But what about luggage!? Surely this can only work for short, day trips, right? In June of 2019 I flew to London for a week. Prior to this, all of the trips were short trips, where a saddle bag would do (my favorite is the Ortlieb Vario, which is a saddle bag that converts into a backpack). But I did need a carry on for this trip. So I bought a Burley Nomad and hitched it on to my bike. Any carry on fits perfectly in the trailer, and you can cover the suitcase using the built in cover. I also purchased an extra lock.
When I arrived at the airport, I locked my bike as usual to the bike rack (now there were a lot more bikes!), and then I wrapped the trailer in my new cable lock and secured that to the main lock. Here’s what it all looked like locked up:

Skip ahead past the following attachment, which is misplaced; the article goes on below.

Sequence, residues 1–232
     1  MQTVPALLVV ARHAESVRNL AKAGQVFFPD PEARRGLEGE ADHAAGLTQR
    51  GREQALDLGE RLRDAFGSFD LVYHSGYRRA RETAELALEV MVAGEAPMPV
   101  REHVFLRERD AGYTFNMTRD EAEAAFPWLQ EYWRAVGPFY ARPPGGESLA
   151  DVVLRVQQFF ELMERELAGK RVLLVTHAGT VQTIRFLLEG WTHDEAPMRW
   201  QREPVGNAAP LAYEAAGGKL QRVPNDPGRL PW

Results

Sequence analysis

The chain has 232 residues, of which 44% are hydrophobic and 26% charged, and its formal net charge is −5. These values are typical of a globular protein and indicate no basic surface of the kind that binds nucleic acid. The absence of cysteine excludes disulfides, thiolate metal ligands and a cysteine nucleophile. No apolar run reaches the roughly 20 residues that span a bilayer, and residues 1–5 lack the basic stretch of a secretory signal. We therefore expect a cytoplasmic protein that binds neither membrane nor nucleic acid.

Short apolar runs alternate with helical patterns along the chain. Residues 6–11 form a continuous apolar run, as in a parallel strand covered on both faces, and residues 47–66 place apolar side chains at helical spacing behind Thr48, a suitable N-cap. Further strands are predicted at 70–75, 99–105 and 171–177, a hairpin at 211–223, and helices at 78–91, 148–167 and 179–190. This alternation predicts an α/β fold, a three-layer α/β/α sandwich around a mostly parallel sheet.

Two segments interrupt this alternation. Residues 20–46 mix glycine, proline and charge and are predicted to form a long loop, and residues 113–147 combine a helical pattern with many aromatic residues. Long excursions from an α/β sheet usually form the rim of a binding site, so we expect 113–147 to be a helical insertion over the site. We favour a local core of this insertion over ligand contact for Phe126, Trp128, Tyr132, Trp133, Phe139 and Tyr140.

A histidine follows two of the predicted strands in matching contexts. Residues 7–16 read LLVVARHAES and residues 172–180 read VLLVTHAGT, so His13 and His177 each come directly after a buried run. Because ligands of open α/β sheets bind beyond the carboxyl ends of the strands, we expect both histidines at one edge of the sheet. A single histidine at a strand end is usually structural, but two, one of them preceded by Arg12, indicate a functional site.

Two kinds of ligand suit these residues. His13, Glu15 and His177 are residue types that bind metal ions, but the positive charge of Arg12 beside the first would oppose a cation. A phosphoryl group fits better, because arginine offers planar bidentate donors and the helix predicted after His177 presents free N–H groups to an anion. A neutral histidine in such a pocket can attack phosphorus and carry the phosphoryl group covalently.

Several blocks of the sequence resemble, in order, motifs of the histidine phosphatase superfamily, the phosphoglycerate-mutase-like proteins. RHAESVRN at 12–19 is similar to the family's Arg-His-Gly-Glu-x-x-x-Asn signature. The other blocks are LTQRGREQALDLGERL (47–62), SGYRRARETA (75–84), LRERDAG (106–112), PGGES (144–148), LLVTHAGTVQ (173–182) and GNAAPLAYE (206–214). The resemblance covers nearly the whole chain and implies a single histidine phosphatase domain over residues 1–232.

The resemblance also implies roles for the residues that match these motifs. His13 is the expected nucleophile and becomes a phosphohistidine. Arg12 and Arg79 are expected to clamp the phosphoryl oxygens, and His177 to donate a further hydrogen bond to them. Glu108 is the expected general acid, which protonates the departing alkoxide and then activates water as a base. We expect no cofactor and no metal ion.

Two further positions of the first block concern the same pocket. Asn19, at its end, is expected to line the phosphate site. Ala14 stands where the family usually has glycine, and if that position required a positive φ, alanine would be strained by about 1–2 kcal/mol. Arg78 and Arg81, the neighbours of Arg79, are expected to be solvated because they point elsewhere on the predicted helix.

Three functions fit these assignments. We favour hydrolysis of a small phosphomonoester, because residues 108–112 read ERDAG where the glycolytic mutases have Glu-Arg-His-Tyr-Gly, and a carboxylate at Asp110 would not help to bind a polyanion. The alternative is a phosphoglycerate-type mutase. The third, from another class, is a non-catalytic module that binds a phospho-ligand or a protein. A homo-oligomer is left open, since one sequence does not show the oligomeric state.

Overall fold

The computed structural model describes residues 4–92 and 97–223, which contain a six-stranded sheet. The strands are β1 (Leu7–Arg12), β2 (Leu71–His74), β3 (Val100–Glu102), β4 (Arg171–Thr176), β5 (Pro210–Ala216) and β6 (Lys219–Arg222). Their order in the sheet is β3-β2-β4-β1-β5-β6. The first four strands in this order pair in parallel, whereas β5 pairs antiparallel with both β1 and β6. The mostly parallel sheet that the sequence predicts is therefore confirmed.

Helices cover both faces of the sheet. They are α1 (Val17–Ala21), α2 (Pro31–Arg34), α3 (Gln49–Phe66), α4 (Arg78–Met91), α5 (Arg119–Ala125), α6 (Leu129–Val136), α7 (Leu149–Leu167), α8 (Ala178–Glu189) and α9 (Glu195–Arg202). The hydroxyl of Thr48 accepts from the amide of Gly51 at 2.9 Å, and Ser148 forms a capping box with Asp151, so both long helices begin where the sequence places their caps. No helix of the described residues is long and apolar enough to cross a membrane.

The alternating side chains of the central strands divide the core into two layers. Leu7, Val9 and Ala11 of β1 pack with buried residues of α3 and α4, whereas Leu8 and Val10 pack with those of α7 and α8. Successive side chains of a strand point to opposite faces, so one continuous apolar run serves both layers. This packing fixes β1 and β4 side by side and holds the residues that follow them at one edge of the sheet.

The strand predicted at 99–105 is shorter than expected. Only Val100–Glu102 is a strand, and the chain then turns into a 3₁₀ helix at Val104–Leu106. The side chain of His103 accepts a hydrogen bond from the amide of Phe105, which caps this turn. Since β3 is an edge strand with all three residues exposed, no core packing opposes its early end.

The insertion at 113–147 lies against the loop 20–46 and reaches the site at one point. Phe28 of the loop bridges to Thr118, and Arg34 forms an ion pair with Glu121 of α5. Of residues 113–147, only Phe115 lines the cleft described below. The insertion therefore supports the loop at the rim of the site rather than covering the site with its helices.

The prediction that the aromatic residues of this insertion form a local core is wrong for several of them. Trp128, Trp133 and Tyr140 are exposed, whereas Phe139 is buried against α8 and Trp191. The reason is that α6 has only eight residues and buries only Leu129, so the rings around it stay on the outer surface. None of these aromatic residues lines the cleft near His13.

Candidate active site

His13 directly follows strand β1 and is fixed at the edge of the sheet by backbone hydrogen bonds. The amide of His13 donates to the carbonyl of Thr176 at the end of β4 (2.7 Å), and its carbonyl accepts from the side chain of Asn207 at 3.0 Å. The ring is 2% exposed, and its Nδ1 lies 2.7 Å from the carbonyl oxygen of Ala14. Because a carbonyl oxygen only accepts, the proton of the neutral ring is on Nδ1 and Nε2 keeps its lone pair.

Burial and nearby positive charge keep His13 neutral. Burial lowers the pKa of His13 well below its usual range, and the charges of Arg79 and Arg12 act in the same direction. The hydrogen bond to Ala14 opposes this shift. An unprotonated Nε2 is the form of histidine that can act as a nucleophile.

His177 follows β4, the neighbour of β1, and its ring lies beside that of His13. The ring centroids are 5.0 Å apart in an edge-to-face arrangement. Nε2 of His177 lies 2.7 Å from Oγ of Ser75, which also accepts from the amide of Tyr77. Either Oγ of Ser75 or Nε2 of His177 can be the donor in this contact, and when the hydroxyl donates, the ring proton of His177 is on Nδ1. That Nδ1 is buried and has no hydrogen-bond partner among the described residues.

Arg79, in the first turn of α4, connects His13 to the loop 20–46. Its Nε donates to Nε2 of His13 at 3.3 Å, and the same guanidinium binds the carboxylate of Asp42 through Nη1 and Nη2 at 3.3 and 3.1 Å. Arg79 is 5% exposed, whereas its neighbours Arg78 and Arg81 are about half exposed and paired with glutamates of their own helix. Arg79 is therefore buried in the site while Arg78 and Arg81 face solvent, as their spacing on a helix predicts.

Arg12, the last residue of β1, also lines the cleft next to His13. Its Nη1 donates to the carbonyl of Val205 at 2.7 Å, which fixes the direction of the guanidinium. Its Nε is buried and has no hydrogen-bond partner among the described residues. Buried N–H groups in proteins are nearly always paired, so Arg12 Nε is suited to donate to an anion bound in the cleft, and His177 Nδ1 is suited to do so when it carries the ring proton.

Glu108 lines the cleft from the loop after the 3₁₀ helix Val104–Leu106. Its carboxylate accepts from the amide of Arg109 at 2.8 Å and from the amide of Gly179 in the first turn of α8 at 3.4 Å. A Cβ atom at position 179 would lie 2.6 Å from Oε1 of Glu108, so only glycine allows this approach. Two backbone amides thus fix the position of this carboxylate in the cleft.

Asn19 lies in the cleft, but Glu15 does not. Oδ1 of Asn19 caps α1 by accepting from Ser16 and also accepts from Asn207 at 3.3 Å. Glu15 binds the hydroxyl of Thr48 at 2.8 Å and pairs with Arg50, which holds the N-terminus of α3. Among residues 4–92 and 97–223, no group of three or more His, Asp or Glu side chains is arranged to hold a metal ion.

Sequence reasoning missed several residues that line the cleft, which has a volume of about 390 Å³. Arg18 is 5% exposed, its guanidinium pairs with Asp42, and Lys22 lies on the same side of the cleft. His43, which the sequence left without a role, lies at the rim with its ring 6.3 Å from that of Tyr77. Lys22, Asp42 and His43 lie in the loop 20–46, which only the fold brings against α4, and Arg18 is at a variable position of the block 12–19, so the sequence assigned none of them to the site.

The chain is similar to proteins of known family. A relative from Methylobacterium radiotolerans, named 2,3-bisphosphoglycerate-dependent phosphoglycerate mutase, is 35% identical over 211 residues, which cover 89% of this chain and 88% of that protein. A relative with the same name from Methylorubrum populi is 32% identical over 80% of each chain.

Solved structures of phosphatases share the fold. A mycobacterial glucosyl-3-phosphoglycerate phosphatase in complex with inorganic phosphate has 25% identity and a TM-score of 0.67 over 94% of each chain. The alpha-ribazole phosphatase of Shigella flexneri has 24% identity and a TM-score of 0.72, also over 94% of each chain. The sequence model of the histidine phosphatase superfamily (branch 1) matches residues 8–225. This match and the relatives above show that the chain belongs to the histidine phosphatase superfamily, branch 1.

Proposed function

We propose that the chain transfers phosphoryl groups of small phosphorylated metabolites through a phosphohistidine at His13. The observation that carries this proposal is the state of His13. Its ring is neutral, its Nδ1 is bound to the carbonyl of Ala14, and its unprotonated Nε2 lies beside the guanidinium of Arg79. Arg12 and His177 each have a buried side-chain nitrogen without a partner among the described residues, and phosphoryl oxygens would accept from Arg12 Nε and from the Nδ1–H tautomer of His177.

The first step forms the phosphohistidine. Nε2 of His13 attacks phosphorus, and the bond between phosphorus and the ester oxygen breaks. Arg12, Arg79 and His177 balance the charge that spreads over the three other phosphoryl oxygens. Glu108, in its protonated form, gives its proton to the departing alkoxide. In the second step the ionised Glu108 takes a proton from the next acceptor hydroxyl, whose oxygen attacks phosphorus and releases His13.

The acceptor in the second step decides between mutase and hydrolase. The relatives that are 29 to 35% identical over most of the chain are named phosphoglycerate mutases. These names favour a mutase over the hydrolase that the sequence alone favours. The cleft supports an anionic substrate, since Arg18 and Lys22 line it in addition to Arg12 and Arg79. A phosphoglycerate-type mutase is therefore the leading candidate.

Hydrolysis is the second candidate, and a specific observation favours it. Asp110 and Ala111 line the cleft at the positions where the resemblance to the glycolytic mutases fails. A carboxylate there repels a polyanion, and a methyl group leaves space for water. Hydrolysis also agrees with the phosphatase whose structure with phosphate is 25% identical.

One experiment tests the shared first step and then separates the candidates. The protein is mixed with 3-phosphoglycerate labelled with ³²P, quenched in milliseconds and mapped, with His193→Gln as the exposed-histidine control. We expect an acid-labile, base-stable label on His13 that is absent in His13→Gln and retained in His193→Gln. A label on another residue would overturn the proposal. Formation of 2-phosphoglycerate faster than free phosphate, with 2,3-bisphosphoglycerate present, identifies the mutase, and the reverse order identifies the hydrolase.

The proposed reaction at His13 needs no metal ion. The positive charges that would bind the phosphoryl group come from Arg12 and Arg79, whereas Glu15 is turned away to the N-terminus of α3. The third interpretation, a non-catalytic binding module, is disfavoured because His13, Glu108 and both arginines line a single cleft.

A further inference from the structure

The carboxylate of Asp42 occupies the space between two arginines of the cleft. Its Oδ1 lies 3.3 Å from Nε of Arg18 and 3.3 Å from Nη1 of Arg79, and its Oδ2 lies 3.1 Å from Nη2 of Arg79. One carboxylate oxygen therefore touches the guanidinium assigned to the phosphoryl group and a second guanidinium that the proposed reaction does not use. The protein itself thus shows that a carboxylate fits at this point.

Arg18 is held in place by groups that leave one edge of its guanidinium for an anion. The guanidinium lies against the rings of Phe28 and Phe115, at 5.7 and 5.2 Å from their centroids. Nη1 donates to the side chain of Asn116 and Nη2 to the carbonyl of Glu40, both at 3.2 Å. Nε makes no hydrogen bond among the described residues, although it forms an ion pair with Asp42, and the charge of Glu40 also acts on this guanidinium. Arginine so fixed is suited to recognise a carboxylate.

After a week in London, and a 10 hour flight home, I arrived to find everything just as I left it. I unlocked everything, snapped the trailer on, put my carry on in it, and biked home (a great feeling to move after a 10 hour flight)!
If you’re worried about theft… don’t. Think about it from a bike thief’s point of view. Are you going to go to a mall, or a school, or somewhere with lots of bikes — or are you going to go to an airport crawling with police with few bikes? I’ve never had an issue.
What about sweat? Yes, you do get a little sweaty, especially on the last mile into the airport climbing Sepulveda. But even that has a great solution these days — electric bikes. Pedal assist e-bikes handle hills without making you sweat, or you can turn off the motor and sweat if you want a work out. The point is you can choose. I own a Rad Power Mission (this is the bike my wife used in the picture above), and am also a fan of Vela Bikes. E-bikes also solve distance, so you could bike to LAX even from the depths of the San Fernando Valley, Highland Park, or San Pedro, in about an hour and change.
If you’re thinking about trying biking to the airport — do it! You won’t regret it. If you have questions about my experience or looking for any tips or tricks, feel free to tweet at me.